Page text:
CLEVELAND -- If you had the chance to sit down with Bob Feller and talk about his incredible American life, he would talk about the moment often. It was a moment that, in many ways, served as the turning point of that life.
Bob Feller was driving to his meeting with the Cleveland Indians to discuss his 1942 contract when news came over the radio: The Japanese had bombed Pearl Harbor.
It was Dec. 7, 1941, and for the first time in the then 23-year-old Feller's life, baseball -- the sport that formed his very first memories of growing up on an Iowa farm -- took a backseat.
Feller's father was gravely ill, and the young man known as "Rapid Robert" had a deferment from military service and the chance to earn six figures playing ball in '42. But from the moment he heard that news coming across the AM dial, Feller knew he wanted to join the fight.
"We were losing that war," he would write in an essay with The New York Times' Alan Schwarz many years later, "and most young men of my generation wanted to help push them back. People today don't understand, but that's the way we felt in those days."
Feller passed away in 2010 at the age of 92. But the Indians, Major League Baseball, the National Baseball Hall of Fame and Museum and the USS Alabama Battleship Commission have teamed up to keep his spirit alive in a very special way.
The Bob Feller Act of Valor Award was introduced Thursday, and its first recipients -- one MLB player, one Hall of Famer and one Navy service member -- will be honored on Veterans Day, Nov. 11, in Washington, D.C. They each will receive a bronze bust of Feller.
Every MLB team will nominate one player for the award, and three of those 30 finalists will be announced in a ceremony at Progressive Field near Memorial Day, according to Bob DiBiasio, the Indians' senior vice president of public affairs.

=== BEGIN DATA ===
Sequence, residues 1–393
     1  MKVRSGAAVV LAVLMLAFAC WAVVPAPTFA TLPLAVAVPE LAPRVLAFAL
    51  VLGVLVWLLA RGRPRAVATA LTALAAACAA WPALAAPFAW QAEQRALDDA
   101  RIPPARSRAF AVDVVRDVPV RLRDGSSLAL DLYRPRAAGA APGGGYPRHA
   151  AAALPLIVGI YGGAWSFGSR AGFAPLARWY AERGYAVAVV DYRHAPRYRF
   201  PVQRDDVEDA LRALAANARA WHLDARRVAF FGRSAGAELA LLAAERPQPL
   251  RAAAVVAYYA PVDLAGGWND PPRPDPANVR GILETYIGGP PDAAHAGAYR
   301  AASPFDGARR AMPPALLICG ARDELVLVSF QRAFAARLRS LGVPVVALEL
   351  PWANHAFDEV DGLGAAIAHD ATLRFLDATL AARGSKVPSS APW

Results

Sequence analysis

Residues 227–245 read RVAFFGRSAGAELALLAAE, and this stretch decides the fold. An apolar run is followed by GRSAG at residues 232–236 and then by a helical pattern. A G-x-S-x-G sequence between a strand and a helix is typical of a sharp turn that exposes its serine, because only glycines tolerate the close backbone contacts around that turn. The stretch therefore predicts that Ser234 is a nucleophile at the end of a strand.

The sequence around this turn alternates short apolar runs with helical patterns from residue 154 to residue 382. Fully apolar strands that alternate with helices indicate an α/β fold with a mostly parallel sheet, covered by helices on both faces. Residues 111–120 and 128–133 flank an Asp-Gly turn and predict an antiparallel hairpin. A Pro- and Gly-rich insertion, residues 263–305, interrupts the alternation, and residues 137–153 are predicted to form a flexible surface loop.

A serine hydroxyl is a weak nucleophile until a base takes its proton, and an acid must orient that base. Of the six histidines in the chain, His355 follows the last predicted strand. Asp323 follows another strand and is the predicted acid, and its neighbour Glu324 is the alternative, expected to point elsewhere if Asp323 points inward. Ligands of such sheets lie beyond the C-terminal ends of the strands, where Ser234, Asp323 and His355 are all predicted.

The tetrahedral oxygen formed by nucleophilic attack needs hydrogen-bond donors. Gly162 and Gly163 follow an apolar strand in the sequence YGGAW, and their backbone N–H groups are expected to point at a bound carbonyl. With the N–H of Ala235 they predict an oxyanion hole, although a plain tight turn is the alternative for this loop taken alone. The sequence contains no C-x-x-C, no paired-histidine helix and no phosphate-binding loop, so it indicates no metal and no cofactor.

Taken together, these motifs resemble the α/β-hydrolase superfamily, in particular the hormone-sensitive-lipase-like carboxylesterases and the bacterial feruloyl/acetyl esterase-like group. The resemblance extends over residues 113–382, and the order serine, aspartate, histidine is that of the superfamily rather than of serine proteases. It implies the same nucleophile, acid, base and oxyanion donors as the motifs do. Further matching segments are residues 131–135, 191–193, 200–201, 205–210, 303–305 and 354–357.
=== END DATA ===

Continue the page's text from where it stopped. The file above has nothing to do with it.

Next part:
"This distinctly unique award," said author Peter Fertig, who created the honor, "will reward those who can measure up to Bob Feller's courage and the strict standards by which he lived his life, every single day."
Feller was the first MLB player to sign up for the war effort and is the only U.S. Navy chief petty officer in the Hall of Fame. He served aboard the USS Alabama, which was engaged in an important Pacific Ocean battle, known as the "Great Marianas Turkey Shoot," with the Japanese in June 1944. The ship won nine battle stars in its time, including eight while Feller was aboard. Feller missed four prime seasons of his Major League career, but he returned to the Indians in August 1945, just two days after he went on inactive duty from the military.
"The pride he exuded representing his country ... he held that mantle stronger, I believe, than he did the Hall of Fame, which he embraced with incredible sincerity," DiBiasio said. "I think he embraced the mantle of serving his country even more. He's the one that was instrumental in the Baseball Hall of Fame including an insignia on the plaques of those players who served in a war. He wanted to make sure everybody who was in that Hall of Fame was recognized for that service."
Much like MLB's annual Roberto Clemente Award, players nominated for the Act of Valor Award will be judged on their character and their willingness to assist those less fortunate. But the distinction here is that support of U.S. servicemen and women will be taken into particular account.
"The uniqueness of this," said DiBiasio, "is it's the first award connecting baseball and the U.S. Navy."
The Navy was quick to embrace the cause of keeping Feller's memory alive, just as Feller was quick to drop his glove and serve his country.
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